ANCHORAGE — Kulis Air National Guard Base in Anchorage, with its cavernous hangars and wide assortment of buildings, is up for sale and facing an uncertain future.
So far, no one has stepped up to pay the $100 fee for the lease application, but there has been interest including from one of Alaska’s hottest industries — the film business, according to Monday’s Anchorage Daily News.
The state owns the 130-acre parcel near Ted Stevens Anchorage International Airport and would like to see a buyer or a tenant.
“I would almost compare it to a college campus,” said Katie Gage, who is responsible for selling or leasing Kulis. “You can tell it was a community, a military community.”
The Air Guard’s 176th Wing moved to Joint Base Elmendorf-Richardson earlier this year. Kulis had been home to the wing for more than 55 years. The base was the launching point for countless Alaska rescue and recovery missions as well as international deployments.
There’s a central dining hall, a clinic, office buildings, four hangars, a warehouse, assorted sheds and shops, and an engine testing stand designed for C-130s. In all, there are 46 buildings and related facilities at Kulis. One hangar was built in 1963 and is on the National Register of Historic Places. Some of the buildings will have to be demolished.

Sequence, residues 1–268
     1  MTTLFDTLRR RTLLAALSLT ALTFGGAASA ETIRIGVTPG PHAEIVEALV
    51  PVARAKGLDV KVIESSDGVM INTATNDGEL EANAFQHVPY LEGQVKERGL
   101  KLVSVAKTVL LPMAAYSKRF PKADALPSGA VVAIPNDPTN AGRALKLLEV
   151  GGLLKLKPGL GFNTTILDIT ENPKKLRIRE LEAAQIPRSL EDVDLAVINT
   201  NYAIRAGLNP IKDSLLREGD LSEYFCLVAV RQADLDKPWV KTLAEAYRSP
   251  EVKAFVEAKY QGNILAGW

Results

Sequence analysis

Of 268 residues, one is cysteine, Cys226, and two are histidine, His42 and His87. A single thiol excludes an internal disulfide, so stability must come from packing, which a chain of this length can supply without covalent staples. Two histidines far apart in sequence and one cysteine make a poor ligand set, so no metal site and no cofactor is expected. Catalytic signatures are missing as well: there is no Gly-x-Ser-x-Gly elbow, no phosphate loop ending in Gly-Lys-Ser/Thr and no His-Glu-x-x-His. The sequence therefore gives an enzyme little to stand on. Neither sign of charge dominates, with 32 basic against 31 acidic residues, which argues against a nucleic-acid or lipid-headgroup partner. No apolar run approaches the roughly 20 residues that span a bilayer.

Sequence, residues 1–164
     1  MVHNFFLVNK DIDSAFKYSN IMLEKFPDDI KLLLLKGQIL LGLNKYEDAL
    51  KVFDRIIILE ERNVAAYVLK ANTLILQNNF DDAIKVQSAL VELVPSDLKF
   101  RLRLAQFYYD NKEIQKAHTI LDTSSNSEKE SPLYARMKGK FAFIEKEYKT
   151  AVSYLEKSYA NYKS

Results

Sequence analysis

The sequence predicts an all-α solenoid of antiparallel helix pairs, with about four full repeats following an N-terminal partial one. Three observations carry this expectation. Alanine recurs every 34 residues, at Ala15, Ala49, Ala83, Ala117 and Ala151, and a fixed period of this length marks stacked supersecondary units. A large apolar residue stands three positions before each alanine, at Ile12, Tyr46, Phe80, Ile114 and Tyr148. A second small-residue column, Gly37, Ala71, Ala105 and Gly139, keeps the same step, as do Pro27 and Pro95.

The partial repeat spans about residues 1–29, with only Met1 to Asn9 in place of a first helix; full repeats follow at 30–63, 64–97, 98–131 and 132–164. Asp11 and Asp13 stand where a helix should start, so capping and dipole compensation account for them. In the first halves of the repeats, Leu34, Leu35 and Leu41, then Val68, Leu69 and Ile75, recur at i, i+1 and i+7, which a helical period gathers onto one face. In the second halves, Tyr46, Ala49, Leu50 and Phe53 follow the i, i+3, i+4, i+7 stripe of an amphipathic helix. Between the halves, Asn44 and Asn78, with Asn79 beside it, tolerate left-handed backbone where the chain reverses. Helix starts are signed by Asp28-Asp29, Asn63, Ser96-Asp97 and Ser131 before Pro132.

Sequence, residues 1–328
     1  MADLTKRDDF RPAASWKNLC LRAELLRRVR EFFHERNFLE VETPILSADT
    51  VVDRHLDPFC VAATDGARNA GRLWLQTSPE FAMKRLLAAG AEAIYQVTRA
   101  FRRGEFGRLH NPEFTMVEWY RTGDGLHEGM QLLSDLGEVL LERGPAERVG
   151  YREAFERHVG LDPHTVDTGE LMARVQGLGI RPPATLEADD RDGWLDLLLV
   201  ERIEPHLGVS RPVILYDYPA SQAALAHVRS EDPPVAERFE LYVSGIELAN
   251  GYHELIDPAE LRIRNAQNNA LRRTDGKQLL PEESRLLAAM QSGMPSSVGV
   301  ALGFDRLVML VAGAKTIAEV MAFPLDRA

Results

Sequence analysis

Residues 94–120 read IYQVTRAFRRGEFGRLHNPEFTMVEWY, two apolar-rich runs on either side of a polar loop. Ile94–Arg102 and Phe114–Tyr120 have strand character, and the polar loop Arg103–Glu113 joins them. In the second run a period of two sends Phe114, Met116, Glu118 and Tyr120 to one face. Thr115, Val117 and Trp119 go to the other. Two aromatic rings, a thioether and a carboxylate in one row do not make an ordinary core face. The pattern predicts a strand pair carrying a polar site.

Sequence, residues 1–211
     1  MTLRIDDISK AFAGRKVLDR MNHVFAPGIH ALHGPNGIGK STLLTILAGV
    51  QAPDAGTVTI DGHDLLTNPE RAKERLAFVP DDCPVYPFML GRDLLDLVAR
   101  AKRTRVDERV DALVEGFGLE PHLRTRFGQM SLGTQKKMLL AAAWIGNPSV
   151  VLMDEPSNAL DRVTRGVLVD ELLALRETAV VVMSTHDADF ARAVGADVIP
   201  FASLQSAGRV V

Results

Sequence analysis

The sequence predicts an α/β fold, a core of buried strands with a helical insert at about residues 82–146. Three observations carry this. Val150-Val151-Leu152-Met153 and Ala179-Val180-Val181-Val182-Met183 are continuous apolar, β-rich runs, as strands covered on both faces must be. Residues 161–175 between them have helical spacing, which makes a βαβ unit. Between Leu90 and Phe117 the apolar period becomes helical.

The state wants the property to start generating revenue as soon as possible, and many of buildings are newer and in good shape, said John Parrott, Stevens Airport manager.
Generally, the Federal Aviation Administration requires land deeded by the federal government for an airport, like Stevens, to be used for aviation, but it will loosen that requirement on a case-by-case basis, airport officials said.
The airport hired Dowl HKM, an engineering firm, to help it plan for Kulis’ future. Surveys found that small to medium air carriers are interested in the hangars and other buildings that front the existing aircraft parking area and connect by taxiway to one of the international airport’s main runways. They see little use for buildings farther out that are cut off from the airfield. But the hangars may be too big for a single small carrier, and retrofitting them to serve several carriers might be too expensive, Dowl found.
Three big feature film production companies have looked at the Kulis property with interest, said Wanetta Ayers, director of the state Division of Economic Development. She wouldn’t name them but said one of the movies will be bigger than the upcoming “Everybody Loves Whales,” which stars Drew Barrymore and John Krasinski and was filmed largely in Anchorage last summer.
“It appears from the demand we are seeing that there are significant productions that are queued up that could serve as a significant source of revenue for the airport,” she said.
Carolyn Robinson, owner of SprocketHeads film production services company, has been talking it up among movie producers planning to shoot in Alaska.
“It’s so made to be a film campus,” Robinson said.